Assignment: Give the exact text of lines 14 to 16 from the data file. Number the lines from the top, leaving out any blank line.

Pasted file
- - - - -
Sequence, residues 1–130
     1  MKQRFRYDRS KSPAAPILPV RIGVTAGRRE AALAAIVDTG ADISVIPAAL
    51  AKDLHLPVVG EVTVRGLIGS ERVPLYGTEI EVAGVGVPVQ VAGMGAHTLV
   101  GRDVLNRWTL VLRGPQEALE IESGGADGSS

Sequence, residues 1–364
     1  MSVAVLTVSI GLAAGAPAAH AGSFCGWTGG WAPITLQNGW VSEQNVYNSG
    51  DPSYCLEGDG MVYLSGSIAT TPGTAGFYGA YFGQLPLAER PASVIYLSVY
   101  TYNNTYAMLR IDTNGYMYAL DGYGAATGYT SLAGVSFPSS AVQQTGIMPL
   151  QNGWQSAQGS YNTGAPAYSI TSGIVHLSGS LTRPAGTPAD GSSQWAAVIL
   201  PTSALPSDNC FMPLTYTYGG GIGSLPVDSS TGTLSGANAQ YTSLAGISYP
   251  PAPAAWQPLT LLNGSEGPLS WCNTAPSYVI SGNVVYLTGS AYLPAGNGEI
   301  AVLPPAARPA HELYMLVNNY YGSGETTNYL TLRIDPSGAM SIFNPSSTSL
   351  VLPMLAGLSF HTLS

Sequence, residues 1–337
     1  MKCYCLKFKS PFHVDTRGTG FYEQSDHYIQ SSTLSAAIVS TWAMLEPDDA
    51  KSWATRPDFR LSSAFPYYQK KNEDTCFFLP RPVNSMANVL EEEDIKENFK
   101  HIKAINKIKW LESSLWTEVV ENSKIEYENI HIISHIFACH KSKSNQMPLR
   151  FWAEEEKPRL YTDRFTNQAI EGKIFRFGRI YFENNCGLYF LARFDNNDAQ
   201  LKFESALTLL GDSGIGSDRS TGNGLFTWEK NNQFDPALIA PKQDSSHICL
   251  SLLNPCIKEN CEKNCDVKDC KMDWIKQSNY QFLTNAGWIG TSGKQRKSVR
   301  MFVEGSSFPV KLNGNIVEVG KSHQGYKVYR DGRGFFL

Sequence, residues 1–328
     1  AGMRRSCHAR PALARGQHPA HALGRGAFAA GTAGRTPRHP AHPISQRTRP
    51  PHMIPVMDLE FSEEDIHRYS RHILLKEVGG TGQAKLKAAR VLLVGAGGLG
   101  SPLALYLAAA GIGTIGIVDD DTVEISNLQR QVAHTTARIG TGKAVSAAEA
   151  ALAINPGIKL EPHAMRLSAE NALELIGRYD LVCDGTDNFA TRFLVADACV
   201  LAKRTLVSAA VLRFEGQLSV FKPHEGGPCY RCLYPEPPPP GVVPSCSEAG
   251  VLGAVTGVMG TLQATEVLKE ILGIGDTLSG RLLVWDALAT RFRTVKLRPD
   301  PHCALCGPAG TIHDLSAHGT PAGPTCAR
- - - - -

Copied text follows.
Sequence, residues 1–337
     1  MKCYCLKFKS PFHVDTRGTG FYEQSDHYIQ SSTLSAAIVS TWAMLEPDDA
    51  KSWATRPDFR LSSAFPYYQK KNEDTCFFLP RPVNSMANVL EEEDIKENFK